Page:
This is a guest post by by Chris Merz & Garrett Clark, SolidFire We recently had a large enterprise customer implement a MongoDB sharded cluster on SolidFire as the backend for a global e-commerce system. By leveraging solid-state drive technology with features like storage virtualization, Quality of Service (guaranteed IOPS per volume), and horizontal scaling, the customer was looking to combine the benefits of dedicated storage performance with the simplicity and scalability of a MongoDB environment. During the implementation the customer reached out to us with some performance and tuning questions, requesting our assistance with the configuration. After meeting with the team and reviewing the available statistics, we discovered response times that were deemed out of range for the application’s performance requirements. Response times were ~13-20ms (with an average of 15-17 ms). While this is considered acceptable latency in many implementations, the team was targeting < 5ms average query response times. When troubleshooting any storage latency performance issue it is important to focus on two critical aspects of the end-to-end chain: potential i/o queue depth bottlenecks and the main contributors to the overall latency in the chain. A typical end-to-end sequence with attached storage can be described by: MongoDB > OS > NIC > Network > Storage > Network > NIC > OS > MongoDB First off, we looked for any i/o queue depth bottlenecks and found the first one on the operating system layer. MongoDB was periodically sending an i/o queue depth of >100 to the operating system and, by default, iSCSI could only release a 32 queue depth per iSCSI session. This drop from an i/o queue depth of >100 to 32 caused frames to be stalled on the operating system layer while they were waiting to continue down the chain. We alleviated the issue by increasing the number of iSCSI sessions to the volume from 1 to 4, which proportionally increased the queue depth exiting the operating system to 128 (32*4). This enabled all frames coming off the application layer to immediately pass through the operating system and NIC, decreased the overall latency from ~15ms to ~4ms. Despite the latency average being 4ms, performance was still rather variable. We then turned our focus to pinpointing the sources of the remaining end-to-end latency. We were able to determine the latency factors in the stack through the study of three latency loops: First, the complete chain of: MongoDB > OS > NIC > Network > Storage > Network > NIC > OS > MongoDB . This loop took an average of 3.9ms to complete. Secondly, the subset loop of: OS > NIC > Network > Storage > Network > NIC > OS . This loop took ~1.1ms to complete. We determined the latency of this loop by the output of “iostat –xk 1” then greping for the corresponding volume. The last loop segment, latency on the storage subsystem, was 0.7ms and was obtained through a polling API command issued to the SolidFire unit. Our analysis pointed to the first layers of the stack contributing the most significant percent (>70%) of the end-to-end latency, so we decided to start there and continue downstream. We reviewed the OS configuration and tuning, with an eye towards both SolidFire/iSCSI best practices and MongoDB performance. Several OS-level tunables were found that could be tweaked to ensure optimal throughput for this type of deployment. Unfortunately, none of these resulted in any major reduction in the end-to-end latency for mongo. Having eliminated the obvious, we were left with what remained: MongoDB itself. A phrase oft-quoted by the famous fictional detective, Sherlock Holmes came to mind: “when you have eliminated the impossible, whatever remains, however improbable , must be the truth.” Upon going over the collected statistics runs with a fine-toothed comb, we noticed that the latency spikes had intervals of almost exactly 60 seconds. That’s when the light bulb went off… The MongoDB flush interval. The architecture of MongoDB was developed in the context of spinning disk, a vastly slower storage technology requiring batched file syncs to minimize query latency. The syncdelay setting defaults to 60 seconds for this very reason. In the documentation , it is clearly stated “In almost every situation you should not set this value and use the default setting”. ‘Almost’ was the key to our solution, in this particular case. It should be noted that changing syncdelay is an advanced tuning, and should be carefully evaluated and tested on a per-deployment basis. Little’s Law (IOPS = Queue Depth / Latency) indicated that lowering the flush interval would reduce the variance in queue depth thereby smoothing the overall latency. In lab testing, we had found that, under maximum load, decreasing the syncdelay to 1 second would force a ‘continuous flush’ behavior usually repeating every 6-7 seconds, reducing i/o spikes in the storage path. We had seen this as a useful technique for controlling IOPS throughput variability, but had not typically viewed it as a latency reduction technique. It worked! After implementing the change, the customer excitedly reported that they were seeing average end-to-end MongoDB response times of 1.2ms, with a throughput of ~4-5k IOPS per mongod (normal for this application), and NO obvious increase in extraneous i/o. By increasing the number of iSCSI sessions, normalizing the flush rate and removing the artificial 60s buffer, we reduced average latency more than an order of magnitude, proving out the architecture at scale in a global production environment. Increasing the iSCSI sessions increased parallelism, and decreased the latency by 3.5-4x. The reduction in syncdelay had the effect of smoothing the average queue depth being sent to the storage system, decreasing latency by slightly more than 3x. This customer’s experience is a good example of how engaging the MongoDB team early on can ensure a smooth product launch. As of today, we’re excited to announce that SolidFire is a MongoDB partner. Learn more about the SolidFire and MongoDB integration on our Database Solutions page . To learn more about performance tuning MongoDB on SolidFire, register for our upcoming webinar on November 6 with MongoDB. For more information on MongoDB performance, check out Performance Considerations for MongoDB , which covers other topics such as indexes and application patterns and offers insight into achieving MongoDB performance at scale.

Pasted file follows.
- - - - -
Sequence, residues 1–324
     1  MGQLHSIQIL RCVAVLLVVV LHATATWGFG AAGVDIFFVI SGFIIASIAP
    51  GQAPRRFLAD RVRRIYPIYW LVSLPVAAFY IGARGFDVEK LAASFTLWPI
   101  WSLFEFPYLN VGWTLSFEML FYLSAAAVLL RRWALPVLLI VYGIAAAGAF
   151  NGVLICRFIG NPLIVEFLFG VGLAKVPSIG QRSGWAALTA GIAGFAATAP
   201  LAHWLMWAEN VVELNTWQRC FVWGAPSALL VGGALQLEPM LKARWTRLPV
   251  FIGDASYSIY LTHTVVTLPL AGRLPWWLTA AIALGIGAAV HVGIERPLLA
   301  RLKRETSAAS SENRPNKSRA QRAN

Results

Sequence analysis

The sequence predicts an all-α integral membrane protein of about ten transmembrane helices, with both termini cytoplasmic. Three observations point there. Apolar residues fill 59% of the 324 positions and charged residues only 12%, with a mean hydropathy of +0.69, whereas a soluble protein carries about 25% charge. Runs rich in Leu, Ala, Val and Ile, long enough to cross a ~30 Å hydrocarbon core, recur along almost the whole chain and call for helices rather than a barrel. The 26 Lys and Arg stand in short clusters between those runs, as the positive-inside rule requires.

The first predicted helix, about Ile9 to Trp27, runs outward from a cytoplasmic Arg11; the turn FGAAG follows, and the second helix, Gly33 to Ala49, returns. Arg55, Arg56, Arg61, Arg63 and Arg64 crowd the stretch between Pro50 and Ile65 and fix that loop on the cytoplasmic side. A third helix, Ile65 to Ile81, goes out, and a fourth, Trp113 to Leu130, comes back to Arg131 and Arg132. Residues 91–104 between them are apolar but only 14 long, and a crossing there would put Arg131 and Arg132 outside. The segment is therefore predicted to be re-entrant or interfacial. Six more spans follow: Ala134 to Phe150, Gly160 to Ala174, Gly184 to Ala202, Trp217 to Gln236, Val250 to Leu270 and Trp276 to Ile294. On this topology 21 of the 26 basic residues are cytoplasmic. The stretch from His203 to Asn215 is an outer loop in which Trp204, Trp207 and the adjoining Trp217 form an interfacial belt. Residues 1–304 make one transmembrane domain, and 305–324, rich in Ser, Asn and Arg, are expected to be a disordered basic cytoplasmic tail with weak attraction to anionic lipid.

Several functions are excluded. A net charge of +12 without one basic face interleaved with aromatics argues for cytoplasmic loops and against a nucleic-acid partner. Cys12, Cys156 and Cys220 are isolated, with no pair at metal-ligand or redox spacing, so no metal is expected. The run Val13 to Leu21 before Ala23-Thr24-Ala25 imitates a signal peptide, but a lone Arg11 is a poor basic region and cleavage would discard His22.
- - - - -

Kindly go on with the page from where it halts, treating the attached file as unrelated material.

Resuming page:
The Rise of the Strategic Developer
The work of developers is sometimes seen as tactical in nature. In other words, developers are not often asked to produce strategy. Rather, they are expected to execute against strategy, manifesting digital experiences that are defined by the “business.” But that is changing. With the automation of many time-consuming tasks -- from database administration to coding itself -- developers are now able to spend more time on higher value work, like understanding market needs or identifying strategic problems to solve. And just as the value of their work increases, so too does the value of their opinions. As a result, many developers are evolving, from coders with their heads-down in the corporate trenches to highly strategic visionaries of the digital experiences that define brands. “I think the very definition of ‘developer’ is expanding,” says Stephen “Stennie” Steneker, an engineering manager on the Developer Relations team at MongoDB. “It’s not just programmers anymore. It’s anyone who builds something.” Stennie notes that the learning curve needed to build something is flattening. Fast. He points to an emerging category of low code tools like Zapier, which allows people to stitch web apps together without having to write scripts or set up APIs. “People with no formal software engineering experience can build complex automated workflows to solve business problems. That’s a strategic developer.” Many other traditional developer tasks are being automated as well. At MongoDB, for example, we pride ourselves on removing the most time-consuming, low-value work of database administration. And of course, services like GitHub Copilot are automating the act of coding itself. So what does this all mean for developers? A few things: First, move to higher ground. In describing one of the potential outcomes of GitHub Copilot, Microsoft CTO Kevin Scott said, ““It may very well be one of those things that makes programming itself more approachable.” When the barriers to entry for a particular line of work start falling, standing still is not an option. It’s time to up your strategic game by offering insight and suggestions on new digital experiences that advance the objectives of the business. Second, accept more responsibility. A strategic developer is someone who can conceive, articulate, and execute an idea. That also means you are accountable for the success or failure of that idea. And as Stennie reminded me, “There are more ways than ever before to measure the success of a developer’s work.” And third, never stop skilling. Developers with narrow or limited skill sets will never add strategic value, and they will always be vulnerable to replacement. Like software itself, developers need to constantly evolve and improve, expanding both hard and soft skills. How do you see the role of the developer evolving? Any advice for those that aspire to more strategic roles within their organizations? Reach out and let me know what you think at @MarkLovesTech .